• to modernise and broaden the services offered by the Fringe Society to artists, audiences, industry participants and residents, both during the Fringe and year-round, focusing on supporting disadvantaged and marginalised artists and citizens to maximise the opportunities presented by the Fringe
  • to embed the Fringe Society within the cultural infrastructure of Edinburgh and offer affordable tenancy and working space for a community partner and for individual artists and creatives
  • to ensure the Fringe remains a significant cultural asset to Edinburgh, Scotland and the UK, and maintains its position, locally and globally, as essential to the cultural ecosystem of the performing arts
  • to ensure the Fringe is a platform for professional and emerging artists to thrive
  • to secure the long-term future of the Edinburgh Festival Fringe as a world class expo for the development and growth of the performing arts of Scotland, the UK and international participants, and that it creates the best opportunity for talent discovery, career development and onward life for shows.

Principles of working

  • Spending priorities in relation to the fabric of the building will focus on reducing its carbon footprint and maximising accessibility.
  • Investment will be based on long-term sustainability and effectiveness.
  • We will aim for a building that offers a welcoming meeting place for the wide-ranging Fringe communities.
  • The building will offer new opportunities and a year-round home from home for Fringe artists, partners and community groups. 
  • The Fringe home will add value and complement surrounding and existing cultural infrastructure.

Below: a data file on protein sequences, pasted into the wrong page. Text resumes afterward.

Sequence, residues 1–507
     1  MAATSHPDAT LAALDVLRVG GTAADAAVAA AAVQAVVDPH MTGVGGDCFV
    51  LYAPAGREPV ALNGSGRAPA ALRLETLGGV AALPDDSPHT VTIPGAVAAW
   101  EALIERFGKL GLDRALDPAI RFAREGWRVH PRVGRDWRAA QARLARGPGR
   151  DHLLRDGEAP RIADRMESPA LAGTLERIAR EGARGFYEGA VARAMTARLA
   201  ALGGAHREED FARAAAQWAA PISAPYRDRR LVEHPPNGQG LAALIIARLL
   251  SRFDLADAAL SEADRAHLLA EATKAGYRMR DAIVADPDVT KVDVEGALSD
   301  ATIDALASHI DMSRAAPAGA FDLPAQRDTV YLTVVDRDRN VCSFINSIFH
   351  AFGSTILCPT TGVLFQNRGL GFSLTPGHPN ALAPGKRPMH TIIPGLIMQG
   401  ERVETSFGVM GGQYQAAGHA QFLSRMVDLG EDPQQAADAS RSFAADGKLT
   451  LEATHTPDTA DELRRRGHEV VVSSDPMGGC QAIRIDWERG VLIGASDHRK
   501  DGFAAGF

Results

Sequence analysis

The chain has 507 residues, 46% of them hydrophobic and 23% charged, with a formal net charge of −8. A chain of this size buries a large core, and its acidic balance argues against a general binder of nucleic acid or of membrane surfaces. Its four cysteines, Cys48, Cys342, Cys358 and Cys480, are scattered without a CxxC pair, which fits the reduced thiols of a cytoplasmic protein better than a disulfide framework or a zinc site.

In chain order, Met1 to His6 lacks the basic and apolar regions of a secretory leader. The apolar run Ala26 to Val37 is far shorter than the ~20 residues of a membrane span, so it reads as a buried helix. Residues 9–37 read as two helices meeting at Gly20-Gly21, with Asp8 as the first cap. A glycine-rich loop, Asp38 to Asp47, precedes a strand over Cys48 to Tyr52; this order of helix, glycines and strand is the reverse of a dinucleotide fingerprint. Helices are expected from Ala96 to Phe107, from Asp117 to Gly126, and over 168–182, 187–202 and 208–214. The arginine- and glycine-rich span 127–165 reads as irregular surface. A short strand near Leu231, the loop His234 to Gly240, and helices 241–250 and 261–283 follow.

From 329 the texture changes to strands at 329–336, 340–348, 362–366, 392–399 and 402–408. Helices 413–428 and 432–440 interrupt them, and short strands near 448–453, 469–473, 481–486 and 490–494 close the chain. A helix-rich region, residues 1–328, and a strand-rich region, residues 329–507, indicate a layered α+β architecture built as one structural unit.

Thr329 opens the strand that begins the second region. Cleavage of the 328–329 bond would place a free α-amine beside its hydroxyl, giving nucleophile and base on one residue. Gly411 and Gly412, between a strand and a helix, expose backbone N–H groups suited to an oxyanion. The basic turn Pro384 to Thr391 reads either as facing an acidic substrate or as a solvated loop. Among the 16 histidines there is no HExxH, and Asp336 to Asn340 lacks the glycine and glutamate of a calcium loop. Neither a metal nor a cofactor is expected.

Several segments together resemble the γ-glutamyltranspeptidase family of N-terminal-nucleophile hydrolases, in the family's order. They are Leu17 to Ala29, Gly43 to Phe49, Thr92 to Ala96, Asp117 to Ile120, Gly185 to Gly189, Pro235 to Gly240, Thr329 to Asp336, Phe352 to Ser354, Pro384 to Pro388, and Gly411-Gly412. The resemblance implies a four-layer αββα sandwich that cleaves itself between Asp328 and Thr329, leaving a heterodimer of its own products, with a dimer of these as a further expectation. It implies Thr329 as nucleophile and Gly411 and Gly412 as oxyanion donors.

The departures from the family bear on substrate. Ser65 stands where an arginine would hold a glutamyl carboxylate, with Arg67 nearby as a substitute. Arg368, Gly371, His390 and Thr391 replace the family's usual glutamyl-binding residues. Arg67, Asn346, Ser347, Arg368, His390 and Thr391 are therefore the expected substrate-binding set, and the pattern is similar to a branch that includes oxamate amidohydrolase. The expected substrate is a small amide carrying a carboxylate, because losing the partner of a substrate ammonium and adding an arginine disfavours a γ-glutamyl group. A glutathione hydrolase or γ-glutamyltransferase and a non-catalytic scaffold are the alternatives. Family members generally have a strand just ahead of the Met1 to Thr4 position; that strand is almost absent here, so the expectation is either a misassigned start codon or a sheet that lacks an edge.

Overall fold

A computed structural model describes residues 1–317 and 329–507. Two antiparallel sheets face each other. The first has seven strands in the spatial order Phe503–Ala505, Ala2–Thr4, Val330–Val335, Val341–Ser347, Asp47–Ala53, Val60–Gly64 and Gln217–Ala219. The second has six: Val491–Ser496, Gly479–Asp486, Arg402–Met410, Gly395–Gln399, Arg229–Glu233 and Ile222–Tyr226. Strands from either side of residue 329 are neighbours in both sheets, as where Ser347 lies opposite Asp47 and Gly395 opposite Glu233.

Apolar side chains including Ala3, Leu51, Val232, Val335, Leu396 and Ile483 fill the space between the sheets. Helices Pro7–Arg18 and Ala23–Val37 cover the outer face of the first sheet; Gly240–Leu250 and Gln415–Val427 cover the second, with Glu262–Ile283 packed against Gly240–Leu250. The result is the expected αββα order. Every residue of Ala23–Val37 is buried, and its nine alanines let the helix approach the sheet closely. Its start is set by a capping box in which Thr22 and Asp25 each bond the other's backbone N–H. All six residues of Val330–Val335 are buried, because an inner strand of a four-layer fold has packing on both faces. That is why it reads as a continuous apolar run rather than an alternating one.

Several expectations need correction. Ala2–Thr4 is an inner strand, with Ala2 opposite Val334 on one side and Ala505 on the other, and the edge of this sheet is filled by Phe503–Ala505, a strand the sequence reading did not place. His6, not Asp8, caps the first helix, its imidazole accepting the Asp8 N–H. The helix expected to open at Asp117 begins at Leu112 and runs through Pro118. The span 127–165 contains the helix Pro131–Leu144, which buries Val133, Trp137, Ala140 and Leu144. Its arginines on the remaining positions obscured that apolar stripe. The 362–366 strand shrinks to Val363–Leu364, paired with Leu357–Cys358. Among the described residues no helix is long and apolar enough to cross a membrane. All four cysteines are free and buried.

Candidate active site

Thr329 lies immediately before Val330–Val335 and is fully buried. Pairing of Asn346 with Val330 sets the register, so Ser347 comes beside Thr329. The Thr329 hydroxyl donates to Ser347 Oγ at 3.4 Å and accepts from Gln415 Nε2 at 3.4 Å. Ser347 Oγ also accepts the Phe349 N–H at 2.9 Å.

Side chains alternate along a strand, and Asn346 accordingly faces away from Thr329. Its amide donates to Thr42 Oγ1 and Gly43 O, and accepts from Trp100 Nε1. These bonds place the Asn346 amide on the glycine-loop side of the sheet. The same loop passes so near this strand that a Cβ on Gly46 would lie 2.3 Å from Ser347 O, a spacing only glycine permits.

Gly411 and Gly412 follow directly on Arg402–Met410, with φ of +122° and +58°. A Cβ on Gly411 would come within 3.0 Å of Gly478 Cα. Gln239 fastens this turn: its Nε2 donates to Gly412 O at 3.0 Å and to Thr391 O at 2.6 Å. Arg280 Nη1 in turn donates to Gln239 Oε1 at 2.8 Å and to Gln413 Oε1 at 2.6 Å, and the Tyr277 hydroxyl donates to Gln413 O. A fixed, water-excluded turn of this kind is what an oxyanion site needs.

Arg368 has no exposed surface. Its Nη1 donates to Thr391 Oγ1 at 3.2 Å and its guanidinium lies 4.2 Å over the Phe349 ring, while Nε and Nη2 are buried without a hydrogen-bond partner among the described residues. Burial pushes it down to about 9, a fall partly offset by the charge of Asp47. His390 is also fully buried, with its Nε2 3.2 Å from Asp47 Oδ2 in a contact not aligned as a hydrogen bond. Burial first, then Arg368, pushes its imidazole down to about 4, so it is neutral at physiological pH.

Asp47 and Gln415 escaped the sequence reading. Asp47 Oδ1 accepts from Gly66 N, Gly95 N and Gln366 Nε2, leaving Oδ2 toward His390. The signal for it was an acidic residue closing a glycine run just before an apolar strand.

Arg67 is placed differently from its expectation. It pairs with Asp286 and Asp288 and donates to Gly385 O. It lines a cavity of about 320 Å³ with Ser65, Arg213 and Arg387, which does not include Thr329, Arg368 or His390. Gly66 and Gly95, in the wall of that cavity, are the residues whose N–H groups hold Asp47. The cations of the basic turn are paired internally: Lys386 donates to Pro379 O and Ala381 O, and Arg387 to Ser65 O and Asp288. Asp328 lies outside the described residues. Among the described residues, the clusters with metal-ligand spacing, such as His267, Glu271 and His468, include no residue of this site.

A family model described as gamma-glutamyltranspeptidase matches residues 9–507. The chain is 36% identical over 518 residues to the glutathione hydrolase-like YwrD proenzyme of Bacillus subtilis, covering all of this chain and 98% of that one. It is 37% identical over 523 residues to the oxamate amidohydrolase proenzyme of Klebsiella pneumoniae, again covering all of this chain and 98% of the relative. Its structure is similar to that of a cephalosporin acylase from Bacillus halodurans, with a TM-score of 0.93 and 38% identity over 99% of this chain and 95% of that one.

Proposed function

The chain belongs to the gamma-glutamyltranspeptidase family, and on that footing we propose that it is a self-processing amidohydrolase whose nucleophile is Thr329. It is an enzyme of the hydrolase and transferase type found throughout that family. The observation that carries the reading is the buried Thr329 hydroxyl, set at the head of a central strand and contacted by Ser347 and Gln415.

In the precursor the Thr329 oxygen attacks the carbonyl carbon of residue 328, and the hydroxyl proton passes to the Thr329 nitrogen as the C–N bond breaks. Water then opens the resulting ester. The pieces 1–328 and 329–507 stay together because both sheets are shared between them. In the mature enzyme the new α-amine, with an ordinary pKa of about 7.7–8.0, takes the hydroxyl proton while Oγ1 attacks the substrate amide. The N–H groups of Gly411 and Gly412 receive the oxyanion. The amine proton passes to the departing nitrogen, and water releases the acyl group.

• During the year the building will house all Fringe Society services, with shared space for resident community partner Canongate Youth and access to facilities for other partners and local artists, creatives and community partners from across Edinburgh.
  • During August the hub will house Fringe Central and all our public-facing services for artists, arts industry and media.
  • A core purpose of the new home is to collate, develop, curate and communicate the historic story of the Edinburgh Fringe.

Next steps in the process

We are engaging in continued conversation with City of Edinburgh Council and their officials with regard to the preferred site. 

The outline business case was submitted to UK Government per the deadline in early October; the full business case must be submitted by February 24. The proposal for the preferred building leads with ensuring it is carbon efficient, wind- and watertight, and is fully accessible. It will be kept very much ‘as is’ internally. It will not be a shiny headquarters, but a working space for the Fringe Society, Canongate Youth and the wider Edinburgh arts community, and will consciously not compete with any existing provision. 

We are working to ensure the building offers added value and the needs of the city are reflected in its design. We are developing a communication and engagement plan to provide ongoing updates on the project’s development, and as things progress will publish regular news on the project here on